Lessons I have learned about being a strong and independent woman

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Lessons from Gram

Growing up we lived next to my maternal grandparents who had a farm. (ee-i-ee-ii-oo!) I spent a lot of time with them and consider them to be a great influence on my life, and am very thankful for the experience.

My grandmother was truly a strong and independent woman with a wonderful smile and great laughter. I am proud to say that I am taller than she was at my 5’2″ (when I have been doing my yoga that is!) A feisty redhead from a large family, Gram (known as Trixie to her friends in her youth) was in the middle of the brood of eight children and the apple of her father’s eye.

Born in 1893 she was a forward thinking woman who had her own bank account throughout her marriage – at a time when most women did not even know about finances. She was a thrifty saver that used that money to decorate the house or purchase special things from her account. Gram also loved poetry, read extensively and was a good baker.

Gram was also fiercely competitive – I think having all those siblings made her that way! She taught me to play checkers at a very young age. While she willingly taught a child to play, she did not let me win! It took me a couple of years until I could beat her – I endured endless shouts of “king me” while her deep brown eyes danced with joy.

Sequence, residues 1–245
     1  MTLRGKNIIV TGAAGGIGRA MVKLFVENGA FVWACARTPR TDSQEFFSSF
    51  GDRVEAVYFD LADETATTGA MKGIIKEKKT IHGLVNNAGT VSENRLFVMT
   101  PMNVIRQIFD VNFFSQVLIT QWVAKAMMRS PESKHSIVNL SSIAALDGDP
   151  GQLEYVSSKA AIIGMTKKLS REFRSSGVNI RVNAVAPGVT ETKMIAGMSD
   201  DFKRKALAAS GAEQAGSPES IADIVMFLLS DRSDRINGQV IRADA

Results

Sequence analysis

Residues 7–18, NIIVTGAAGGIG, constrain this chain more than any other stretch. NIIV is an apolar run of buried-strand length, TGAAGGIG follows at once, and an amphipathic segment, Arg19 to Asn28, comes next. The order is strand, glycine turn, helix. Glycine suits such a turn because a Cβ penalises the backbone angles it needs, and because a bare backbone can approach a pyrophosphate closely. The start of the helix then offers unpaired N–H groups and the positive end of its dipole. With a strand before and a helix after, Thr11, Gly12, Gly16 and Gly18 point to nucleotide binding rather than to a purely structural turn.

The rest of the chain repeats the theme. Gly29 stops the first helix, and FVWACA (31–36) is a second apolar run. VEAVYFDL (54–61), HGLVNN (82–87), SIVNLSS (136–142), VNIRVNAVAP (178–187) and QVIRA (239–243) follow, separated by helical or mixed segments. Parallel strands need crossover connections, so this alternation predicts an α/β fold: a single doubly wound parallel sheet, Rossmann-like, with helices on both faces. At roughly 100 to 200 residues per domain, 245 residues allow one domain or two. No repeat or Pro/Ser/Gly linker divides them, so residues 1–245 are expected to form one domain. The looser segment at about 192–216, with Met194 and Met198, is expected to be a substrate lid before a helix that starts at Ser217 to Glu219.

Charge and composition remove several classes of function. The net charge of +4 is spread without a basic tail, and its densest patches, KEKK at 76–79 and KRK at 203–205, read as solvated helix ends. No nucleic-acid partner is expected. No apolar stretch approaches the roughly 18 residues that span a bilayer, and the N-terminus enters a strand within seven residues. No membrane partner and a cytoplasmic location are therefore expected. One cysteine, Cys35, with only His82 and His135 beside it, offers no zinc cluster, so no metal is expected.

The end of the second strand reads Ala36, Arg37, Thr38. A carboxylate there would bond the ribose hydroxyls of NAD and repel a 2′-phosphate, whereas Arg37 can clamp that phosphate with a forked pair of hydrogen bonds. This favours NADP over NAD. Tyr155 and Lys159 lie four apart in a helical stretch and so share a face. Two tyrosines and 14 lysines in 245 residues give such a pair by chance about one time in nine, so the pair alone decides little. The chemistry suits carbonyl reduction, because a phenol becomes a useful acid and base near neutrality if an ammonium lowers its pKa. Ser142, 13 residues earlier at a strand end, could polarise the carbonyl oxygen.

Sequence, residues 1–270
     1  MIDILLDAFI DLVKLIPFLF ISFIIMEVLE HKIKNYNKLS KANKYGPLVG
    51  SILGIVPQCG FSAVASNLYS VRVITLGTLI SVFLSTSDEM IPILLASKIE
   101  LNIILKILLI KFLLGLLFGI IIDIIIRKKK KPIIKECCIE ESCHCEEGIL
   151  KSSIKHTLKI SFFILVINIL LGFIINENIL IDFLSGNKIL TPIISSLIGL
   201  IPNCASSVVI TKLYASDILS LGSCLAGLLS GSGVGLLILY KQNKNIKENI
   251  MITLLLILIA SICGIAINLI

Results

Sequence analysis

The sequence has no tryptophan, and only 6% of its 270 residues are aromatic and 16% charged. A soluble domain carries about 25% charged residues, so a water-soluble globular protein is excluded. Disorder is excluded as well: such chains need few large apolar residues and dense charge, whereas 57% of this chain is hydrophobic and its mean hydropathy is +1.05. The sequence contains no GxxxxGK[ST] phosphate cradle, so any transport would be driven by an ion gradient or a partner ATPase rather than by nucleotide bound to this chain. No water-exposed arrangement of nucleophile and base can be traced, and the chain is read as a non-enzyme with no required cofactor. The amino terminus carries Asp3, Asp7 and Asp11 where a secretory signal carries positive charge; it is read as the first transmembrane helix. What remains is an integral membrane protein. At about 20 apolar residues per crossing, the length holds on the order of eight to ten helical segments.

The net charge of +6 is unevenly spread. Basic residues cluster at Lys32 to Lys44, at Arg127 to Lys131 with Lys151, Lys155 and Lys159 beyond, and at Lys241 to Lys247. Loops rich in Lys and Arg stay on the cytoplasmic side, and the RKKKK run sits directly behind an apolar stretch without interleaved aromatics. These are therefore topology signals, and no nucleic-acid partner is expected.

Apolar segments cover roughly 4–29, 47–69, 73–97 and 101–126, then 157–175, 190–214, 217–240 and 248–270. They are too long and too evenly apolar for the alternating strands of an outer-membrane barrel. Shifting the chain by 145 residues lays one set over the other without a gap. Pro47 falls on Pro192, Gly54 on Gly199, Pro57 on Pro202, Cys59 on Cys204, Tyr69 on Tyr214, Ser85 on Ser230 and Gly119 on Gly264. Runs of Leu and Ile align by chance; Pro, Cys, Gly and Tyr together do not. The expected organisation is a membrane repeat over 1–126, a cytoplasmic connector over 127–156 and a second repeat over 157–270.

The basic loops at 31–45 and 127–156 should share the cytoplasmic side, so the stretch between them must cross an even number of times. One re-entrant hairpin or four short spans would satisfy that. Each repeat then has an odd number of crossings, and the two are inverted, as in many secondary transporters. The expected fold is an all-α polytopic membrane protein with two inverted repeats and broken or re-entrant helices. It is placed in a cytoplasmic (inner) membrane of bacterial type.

I came very close to winning many times, but not quite. Gram made me a persistent child, and woman, as I tried and tried to beat her at checkers. And finally one day it just happened – no fanfare, no shout, just surprise on my part as I finally WON!!!!  I think that I was in a state of shock as I started to realize that indeed I had just beat my grandmother at checkers.  There was silence. Silence as she appeared to be sulking over my win. She seemed unhappy to have lost. I do not think that she was unhappy that I won however, just that she did not like losing.

I learned quite a lesson that day. I learned that strong and independent women do not give up – ever. They work hard, they practice the things that they do not do well. And in time, perhaps years, but in due time they do succeed.

Oh by the way, Gram and I did continue to play checkers and sometimes I won, and sometimes she won. She was always patient. And in time she taught me other board games, I do not remember much about who won and who lost those games but I have never forgotten the thrill of winning at checkers for the first time. What a great feeling, even all these years later.